In another application, cast titanium alloy wide-chord fan blades required super-finishing after milling; the specified surface finish requirement was Ra <10 μin. The process developed by our company featured a dual-drive tub vibrator running our Keramo-Finish combined paste and ceramic media. Parts can either be allowed to free tumble in the tub vibrator or can be mounted on special fixtures.
In one application of this technology, wide-chord fan blades up to 40 inch long and 15 inch wide are processed in a machine with individual compartments. A single part “free tumbles” in each compartment with combined paste and ceramic media. Processing time for new blades is seven hours; refurbished blades can be finished in three hours.
Forged turbine compressor blades produced from nickel and titanium alloys require descaling and surface smoothing to Ra <20 μin. after forging and heat treatment, then super-finishing after machining. For relatively small components (up to 8 in. in length), descaling and smoothing occurs in high-energy disk finishing machines using high-cut ceramic media. Processing times can run up to 90 min. Larger blades are initially processed in high-speed rotary vibrators. Both of these technologies are in use at many engine OEMs and repair shops.
Super-finishing for these components involves fine grinding in rotary vibrators with special ceramic media, followed by our proprietary Keramo-Finish process using special ceramic media. Processing requires 6–7 hrs, and final part surface finish meets the required roughness specification of Ra <10 μinch.
High-alloy steel turbine disks require deburring and edge radiusing of the dovetail slots after machining and broaching. For parts to 30 in. diameter, our company developed a reciprocating spindle finishing machine with an integrated media classification system. One or two parts mount onto the spindle and are processed using aluminum oxide media for 30-40 min.
Worthy of note is this machine’s continuous media classification system, which automatically removes undersize particles from the media to guarantee repeatable finishing results. Spindle finishers without media classification tend to produce increasingly poorer finishing results as the abrasive media wears and becomes smaller. Over time, this can result in out-of-spec parts which must be scrapped. The entire batch of media is usually scrapped as well, even though large portions might still be usable. Continuous automatic media classification eliminates these problems.
Potential uses for mass finishing of aerospace components are not limited to parts for fixed-wing aircraft. Helicopter transmission gears manufactured from high-alloy steel, for example, require deburring, slight edge breaking and surface smoothing to improve fatigue life and reduce running noise.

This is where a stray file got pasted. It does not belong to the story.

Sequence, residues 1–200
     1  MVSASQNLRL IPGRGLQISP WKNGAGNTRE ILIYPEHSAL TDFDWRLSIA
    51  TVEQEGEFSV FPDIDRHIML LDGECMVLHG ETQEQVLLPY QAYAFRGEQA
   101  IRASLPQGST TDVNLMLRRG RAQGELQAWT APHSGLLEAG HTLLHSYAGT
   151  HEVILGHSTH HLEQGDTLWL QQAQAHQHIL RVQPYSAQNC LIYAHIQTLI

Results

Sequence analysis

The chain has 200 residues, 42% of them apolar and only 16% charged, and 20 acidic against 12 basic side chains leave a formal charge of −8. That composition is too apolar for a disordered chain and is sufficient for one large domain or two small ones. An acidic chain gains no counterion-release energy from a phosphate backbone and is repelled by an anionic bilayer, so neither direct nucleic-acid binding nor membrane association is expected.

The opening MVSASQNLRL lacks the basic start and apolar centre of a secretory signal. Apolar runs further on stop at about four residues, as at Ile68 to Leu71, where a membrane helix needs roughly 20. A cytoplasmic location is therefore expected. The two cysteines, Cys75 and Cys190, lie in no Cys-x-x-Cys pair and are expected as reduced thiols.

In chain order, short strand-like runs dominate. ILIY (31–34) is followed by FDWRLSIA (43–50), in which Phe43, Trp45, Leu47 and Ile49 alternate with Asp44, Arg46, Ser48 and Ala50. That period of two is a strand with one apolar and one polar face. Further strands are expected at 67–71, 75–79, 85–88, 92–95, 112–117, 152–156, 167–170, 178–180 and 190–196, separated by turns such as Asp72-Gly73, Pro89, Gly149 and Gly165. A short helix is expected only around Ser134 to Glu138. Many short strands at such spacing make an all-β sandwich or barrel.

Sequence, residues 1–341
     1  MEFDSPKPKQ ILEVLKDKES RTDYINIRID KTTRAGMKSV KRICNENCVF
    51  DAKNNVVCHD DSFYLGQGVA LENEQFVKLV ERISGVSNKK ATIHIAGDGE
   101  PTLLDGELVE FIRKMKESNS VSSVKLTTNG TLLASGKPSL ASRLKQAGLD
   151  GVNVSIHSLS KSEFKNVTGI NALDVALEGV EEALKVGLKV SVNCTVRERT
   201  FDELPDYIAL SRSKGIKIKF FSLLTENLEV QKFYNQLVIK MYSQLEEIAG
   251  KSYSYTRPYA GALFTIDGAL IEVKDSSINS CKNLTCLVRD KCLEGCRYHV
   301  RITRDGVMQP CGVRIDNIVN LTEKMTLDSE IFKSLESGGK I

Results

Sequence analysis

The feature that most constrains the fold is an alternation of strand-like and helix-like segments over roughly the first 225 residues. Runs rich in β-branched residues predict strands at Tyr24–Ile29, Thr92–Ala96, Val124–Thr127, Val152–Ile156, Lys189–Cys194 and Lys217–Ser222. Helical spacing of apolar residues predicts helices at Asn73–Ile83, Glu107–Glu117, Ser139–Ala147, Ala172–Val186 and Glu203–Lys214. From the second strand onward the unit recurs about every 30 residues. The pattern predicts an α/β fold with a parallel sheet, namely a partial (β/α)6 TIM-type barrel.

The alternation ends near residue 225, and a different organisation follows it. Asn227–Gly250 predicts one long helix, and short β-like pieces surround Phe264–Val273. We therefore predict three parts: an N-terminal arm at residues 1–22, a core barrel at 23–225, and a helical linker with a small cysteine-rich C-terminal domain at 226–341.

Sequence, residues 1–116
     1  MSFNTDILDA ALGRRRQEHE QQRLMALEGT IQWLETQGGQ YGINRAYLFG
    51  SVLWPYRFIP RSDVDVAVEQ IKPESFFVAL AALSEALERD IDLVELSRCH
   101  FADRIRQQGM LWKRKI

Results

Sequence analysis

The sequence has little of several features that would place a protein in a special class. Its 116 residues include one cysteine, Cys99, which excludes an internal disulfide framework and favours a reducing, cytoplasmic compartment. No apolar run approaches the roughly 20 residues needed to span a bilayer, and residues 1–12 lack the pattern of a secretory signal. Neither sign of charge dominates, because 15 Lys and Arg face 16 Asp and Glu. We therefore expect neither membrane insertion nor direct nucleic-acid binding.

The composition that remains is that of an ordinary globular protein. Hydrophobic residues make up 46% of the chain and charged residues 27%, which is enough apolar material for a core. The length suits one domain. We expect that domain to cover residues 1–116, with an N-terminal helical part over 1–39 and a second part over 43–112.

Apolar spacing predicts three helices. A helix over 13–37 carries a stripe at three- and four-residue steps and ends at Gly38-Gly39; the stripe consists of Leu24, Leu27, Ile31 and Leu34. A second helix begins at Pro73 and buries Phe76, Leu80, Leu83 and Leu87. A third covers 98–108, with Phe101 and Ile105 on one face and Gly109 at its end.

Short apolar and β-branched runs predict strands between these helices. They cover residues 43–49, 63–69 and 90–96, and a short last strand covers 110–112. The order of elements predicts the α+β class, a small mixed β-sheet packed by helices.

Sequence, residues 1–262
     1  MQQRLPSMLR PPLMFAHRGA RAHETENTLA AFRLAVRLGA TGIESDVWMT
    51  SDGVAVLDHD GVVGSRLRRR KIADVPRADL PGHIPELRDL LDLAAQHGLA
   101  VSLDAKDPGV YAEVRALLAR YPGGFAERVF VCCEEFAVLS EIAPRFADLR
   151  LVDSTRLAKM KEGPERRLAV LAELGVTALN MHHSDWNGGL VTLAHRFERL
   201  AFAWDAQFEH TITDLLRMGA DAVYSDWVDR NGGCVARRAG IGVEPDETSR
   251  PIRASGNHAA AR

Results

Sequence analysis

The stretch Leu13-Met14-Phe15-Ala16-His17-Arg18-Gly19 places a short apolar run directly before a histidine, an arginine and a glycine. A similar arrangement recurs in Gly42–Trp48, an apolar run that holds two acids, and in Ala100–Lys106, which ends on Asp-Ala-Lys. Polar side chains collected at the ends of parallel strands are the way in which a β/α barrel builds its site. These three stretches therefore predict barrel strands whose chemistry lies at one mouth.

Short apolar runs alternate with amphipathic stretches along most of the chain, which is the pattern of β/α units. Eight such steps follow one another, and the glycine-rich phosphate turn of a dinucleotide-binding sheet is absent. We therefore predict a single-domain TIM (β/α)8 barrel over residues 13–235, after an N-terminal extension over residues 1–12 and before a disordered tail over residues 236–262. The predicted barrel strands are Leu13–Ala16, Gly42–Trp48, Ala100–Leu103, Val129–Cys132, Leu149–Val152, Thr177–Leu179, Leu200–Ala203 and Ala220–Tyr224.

In order to accomplish these finishing objectives, our company developed a special “drag” finishing machine with multiple rotating workstations. Parts to eight inch OD are specially mounted onto the work stations to avoid part-on-part contact. Ceramic media and a total processing time of 15 min provides slight edge radiusing and produces the required Ra of 10 μinch.
The above are just a few examples of practical, every-day applications of mass finishing technologies for surface finishing of aircraft parts. There are other technical developments which go hand-in-hand with improving the overall component life. Two examples are isotropic super-finishing (ISF) and vibro-peening.
ISF was developed as a potential replacement for shot peening, a process commonly used to induce compressive residual stress into the surface of a component. However, shot peening can sometimes also produce surface roughening and can even initiate micro-cracks, which may lead to fatigue and/or corrosion.
For these reasons, shot peening is frequently complemented by ISF, a super-finishing process with active chemistry. ISF smoothes the surface and removes the micro-cracks, thus eliminating the potential dangers outlined above.
Vibro-peening is a potential replacement for vibratory finishing processes using steel media. Use of steel media for vibratory finishing--commonly known as “ball burnishing” or “pressure deburring”--has been practiced for decades. The advantage is obvious: no or only very slow wear of the media. The disadvantage stems from the weight of the steel media (308 lb/cu ft), which places a big burden on the finishing equipment, especially the drive bearings and the bowl weldment. For this reason, ball burnishing is usually done in relatively small bowls at low amplitudes and low speed.
Recent technical improvements in bearing technology and welding stress relief methods, however, have helped to overcome these limitations and led to the development of high-speed vibrators that can handle steel media at higher amplitudes and speeds. Such high-energy, high-speed ball burnishing systems generate a peening effect on the processed parts. The residual compressive stresses generated with this vibro-peening method may be relatively low, but the process offers the distinct advantage of not only preventing but even closing micro-cracks and, thus, improving component fatigue life.
We would like to conclude with one last word regarding automation: it is amazing how many finishing processes--even in aerospace applications--still involve hand work, with all the resulting quality inconsistencies and variations. It is not surprising that the FAA appears to be determined to ban manual finishing processes in civil aviation finishing applications. For this reason, any mass finishing system destined for use in aerospace applications should include automated material handling, process control and process documentation capabilities.
This paper is a peer-reviewed and edited version of a presentation delivered at NASF SUR/FIN 2012 in Las Vegas, Nev., on June 12, 2012.
Choice of equipment, media and compounds has a major impact on your finishing applications.
Surface finish types for commercially supplied stainless steel sheet are detailed in various standards. ASTM A480-12 and EN10088-2 are two; BS 1449-2 (1983) is still available, although no longer active. These standards are very similar in that they define eight grades of surface finish for stainless steel. Grade 7 is “buff polished,” while the highest polish—the so-called mirror polish—is designated Grade 8